What is alopecia areata?
Alopecia areata is a condition that causes your hair to fall out in patches. These patches may connect and then become more noticeable. The condition develops when your immune system attacks the hair follicles causing hair loss.
This kind of hair loss is very common, affecting nearly 7 million people in the United States, according to the National Alopecia Areata Foundation (NAAF). Alopecia areata may begin in childhood or adulthood. It is also different for each person.
If there is a complete loss of hair on the scalp, doctors diagnose alopecia totals. If there is hair loss throughout the entire body, the condition is called alopecia Universalis.
Alopecia can affect anyone, regardless of age, gender, or race, though most cases develop before the age of 30.
Several types of alopecia areata exist. Each type is characterized by the extent of hair loss and other symptoms you may be experiencing. Each type may also have a slightly different treatment and prognosis.
- Alopecia areata (patchy)
- Alopecia totalis
- Alopecia Universalis
- Diffuse alopecia areata
- Ophiasis alopecia
Signs and symptoms of alopecia areata?
- The most common pattern is one or more well-defined spots of hair loss on the scalp.
- If alopecia occurs in an ophiasis pattern (hair loss involving the temporal and posterior scalp) or if large areas of the scalp are involved for long periods of time, the prognosis is worse.
- A more generalized form of hair loss is referred to as diffuse alopecia areata where there is widespread dramatic thinning of the scalp hair.
- Occasionally, all of the scalp hair is entirely lost, a condition referred to as alopecia totalis.
- Less frequently, the loss of all of the hairs on the entire body, called alopecia Universalis, occurs.
Who is affected by alopecia areata?
- Alopecia areata tends to occur most often in adults 30 to 60 years of age.
- However, it can also affect older individuals and, rarely, young children.
- Alopecia areata is not contagious.
- It should be distinguished from hair shedding that may occur following the discontinuation of hormonal estrogen and progesterone therapies for birth control or the hair shedding associated with the end of pregnancy.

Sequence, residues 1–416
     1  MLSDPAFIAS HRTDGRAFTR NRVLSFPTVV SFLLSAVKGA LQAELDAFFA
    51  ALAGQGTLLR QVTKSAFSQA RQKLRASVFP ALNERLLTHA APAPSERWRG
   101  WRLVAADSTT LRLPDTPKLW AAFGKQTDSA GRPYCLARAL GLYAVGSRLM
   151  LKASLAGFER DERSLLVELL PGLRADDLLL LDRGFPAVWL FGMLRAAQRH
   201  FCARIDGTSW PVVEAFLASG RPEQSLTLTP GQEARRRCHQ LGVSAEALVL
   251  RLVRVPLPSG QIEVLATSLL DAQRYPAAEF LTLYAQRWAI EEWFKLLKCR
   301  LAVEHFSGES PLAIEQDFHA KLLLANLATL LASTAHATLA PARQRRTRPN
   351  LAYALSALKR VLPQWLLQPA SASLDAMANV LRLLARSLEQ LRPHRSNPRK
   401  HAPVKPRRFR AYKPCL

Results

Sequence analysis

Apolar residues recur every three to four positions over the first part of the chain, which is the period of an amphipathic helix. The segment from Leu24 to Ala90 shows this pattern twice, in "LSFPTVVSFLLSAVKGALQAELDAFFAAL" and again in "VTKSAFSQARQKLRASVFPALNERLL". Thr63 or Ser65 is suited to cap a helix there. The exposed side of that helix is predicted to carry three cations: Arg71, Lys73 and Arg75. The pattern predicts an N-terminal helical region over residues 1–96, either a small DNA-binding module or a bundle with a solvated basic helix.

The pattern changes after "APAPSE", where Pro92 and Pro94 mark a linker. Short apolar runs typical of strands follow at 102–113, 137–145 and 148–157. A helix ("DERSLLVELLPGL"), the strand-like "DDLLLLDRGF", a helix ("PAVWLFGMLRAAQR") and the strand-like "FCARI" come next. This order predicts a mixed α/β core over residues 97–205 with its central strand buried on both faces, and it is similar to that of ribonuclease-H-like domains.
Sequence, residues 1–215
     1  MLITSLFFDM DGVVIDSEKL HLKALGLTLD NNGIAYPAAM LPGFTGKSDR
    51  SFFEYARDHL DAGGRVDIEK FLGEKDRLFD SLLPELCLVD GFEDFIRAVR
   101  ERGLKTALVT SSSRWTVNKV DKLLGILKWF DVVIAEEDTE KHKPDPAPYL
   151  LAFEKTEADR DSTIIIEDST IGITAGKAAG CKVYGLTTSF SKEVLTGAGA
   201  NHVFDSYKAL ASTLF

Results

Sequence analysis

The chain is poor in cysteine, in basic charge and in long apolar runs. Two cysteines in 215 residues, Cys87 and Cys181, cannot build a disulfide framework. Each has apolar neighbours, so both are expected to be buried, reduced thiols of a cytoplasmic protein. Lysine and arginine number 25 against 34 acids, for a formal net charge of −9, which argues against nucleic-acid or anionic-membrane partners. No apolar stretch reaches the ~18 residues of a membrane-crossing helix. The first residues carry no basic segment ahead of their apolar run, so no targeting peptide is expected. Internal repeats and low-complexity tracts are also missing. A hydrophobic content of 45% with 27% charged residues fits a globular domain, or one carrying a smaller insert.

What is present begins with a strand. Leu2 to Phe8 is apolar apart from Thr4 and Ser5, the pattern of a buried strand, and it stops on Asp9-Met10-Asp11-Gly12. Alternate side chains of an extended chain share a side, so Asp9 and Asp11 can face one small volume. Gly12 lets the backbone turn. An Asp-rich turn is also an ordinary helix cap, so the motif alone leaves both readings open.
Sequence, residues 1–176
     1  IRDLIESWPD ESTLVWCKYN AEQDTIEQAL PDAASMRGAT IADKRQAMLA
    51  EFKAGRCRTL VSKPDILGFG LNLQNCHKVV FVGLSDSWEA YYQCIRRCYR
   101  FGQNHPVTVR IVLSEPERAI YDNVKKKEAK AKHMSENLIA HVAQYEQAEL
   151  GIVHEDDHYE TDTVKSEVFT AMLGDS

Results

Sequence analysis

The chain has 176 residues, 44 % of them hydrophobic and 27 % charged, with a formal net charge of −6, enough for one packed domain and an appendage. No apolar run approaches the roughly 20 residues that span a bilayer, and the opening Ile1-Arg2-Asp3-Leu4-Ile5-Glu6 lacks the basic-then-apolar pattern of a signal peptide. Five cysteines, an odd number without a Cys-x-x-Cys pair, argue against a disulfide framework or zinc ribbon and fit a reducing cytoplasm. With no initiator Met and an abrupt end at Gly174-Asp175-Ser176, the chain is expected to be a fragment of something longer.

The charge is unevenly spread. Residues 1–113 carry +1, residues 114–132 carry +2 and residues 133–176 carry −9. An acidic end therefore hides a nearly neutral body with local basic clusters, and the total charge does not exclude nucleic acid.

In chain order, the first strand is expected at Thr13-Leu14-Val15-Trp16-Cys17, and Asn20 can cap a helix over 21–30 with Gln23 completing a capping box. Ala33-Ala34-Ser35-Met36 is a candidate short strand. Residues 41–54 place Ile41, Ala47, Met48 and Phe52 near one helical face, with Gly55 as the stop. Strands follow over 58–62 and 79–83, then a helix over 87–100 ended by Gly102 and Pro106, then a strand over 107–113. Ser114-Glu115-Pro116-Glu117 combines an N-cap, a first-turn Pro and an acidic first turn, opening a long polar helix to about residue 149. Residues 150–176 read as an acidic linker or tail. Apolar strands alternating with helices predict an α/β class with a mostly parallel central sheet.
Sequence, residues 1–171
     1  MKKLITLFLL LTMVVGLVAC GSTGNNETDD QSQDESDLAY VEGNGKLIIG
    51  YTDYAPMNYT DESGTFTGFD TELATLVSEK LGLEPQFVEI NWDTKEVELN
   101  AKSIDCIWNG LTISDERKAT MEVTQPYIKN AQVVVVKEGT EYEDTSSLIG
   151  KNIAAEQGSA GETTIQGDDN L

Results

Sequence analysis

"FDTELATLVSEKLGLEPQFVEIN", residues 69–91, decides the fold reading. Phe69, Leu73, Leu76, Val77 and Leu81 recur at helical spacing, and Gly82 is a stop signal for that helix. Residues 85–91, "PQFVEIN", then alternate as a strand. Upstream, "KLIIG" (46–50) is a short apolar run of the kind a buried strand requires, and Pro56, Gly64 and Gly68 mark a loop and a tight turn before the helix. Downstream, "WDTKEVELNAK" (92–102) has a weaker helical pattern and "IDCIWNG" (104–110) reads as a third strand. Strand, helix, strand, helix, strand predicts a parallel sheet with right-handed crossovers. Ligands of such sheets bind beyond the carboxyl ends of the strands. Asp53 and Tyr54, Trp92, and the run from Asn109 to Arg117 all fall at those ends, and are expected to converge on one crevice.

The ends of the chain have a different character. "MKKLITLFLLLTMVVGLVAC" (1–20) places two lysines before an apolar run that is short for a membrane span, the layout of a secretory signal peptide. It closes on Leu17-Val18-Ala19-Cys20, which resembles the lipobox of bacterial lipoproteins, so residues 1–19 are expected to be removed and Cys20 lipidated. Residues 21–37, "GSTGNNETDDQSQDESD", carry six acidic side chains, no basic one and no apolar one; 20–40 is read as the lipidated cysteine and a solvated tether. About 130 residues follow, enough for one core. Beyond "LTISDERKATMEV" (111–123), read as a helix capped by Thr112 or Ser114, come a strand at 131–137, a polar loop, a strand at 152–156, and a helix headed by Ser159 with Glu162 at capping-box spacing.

- There are a number of treatable conditions that could be confused with alopecia areata.
- The condition occurs when white blood cells attack the cells in hair follicles, causing them to shrink and dramatically slow down hair production. It is unknown precisely what causes the body’s immune system to target hair follicles in this way.
- While scientists are unsure why these changes occur, it seems that genetics are involved as alopecia areata is more likely to occur in a person who has a close family member with the disease. One in five people with the disease has a family member who has also developed alopecia areata.
- Other research has found that many people with a family history of alopecia areata also have a personal or family history of other autoimmune disorders, such as atopy, a disorder characterized by a tendency to be hyperallergic, thyroiditis, and vitiligo.
- Despite what many people think, there is very little scientific evidence to support the view that alopecia areata is caused by stress. Extreme cases of stress could potentially trigger the condition, but most recent research points toward a genetic cause.
There is currently no cure for alopecia areata, although there are some forms of treatment that can be suggested by doctors to help the hair re-grow more quickly.
The most common form of alopecia areata treatment is the use of corticosteroids, powerful anti-inflammatory drugs that can suppress the immune system. These are most commonly administered through local injections, topical ointment application, or orally.
Other medications that can be prescribed that either promote hair growth or affect the immune system include Minoxidil, Anthralin, SADBE, and DPCP. Although some of these may help with the re-growth of hair, they cannot prevent the formation of new bald patches.
Moreover, the main treatment is your hair care routine. Yes! it is because hair needs some care in order to keep them forever.
People with alopecia areata who miss the protective qualities of hair may wish to:
- Wear sunscreen if exposed to the sun.
- Wear wraparound glasses to protect the eyes from the sun and debris which the eyebrows and eyelashes would normally defend against.
- Use headwear such as hats, wigs, and scarves to protect the head from the sun or keep it warm.
- Use ointment inside the nose to keep membranes moist and to protect against organisms that are normally trapped by nostril hair.
Alopecia areata does not directly make people sick, nor is it contagious. It can, however, be difficult to adapt to emotionally. For many people, alopecia areata is a traumatic disease that warrants treatment addressing the emotional aspect of hair loss, as well as the hair loss itself.
As conventional treatments for alopecia are extremely limited, studies that support natural treatments for alopecia are even thinner on the ground.
There are some people that recommend rubbing onion or garlic juice, cooled green tea, almond oil, rosemary oil, honey, or coconut milk into the scalp. While none of these are likely to cause harm, research does not support their effectiveness.
Some people turn to alternative treatment methods such as acupuncture and aromatherapy, although there is little if any, evidence to support these treatments.
Laser and Light therapy
Light therapy is also called photo-chemotherapy, which uses a light sensitizer, or phototherapy, which uses specific wavelengths of ultraviolet light for their healing effects. Laser treatment delivers specific doses of radiation to encourage new hair growth. Both therapies are considered safe and effective trusted Sources.
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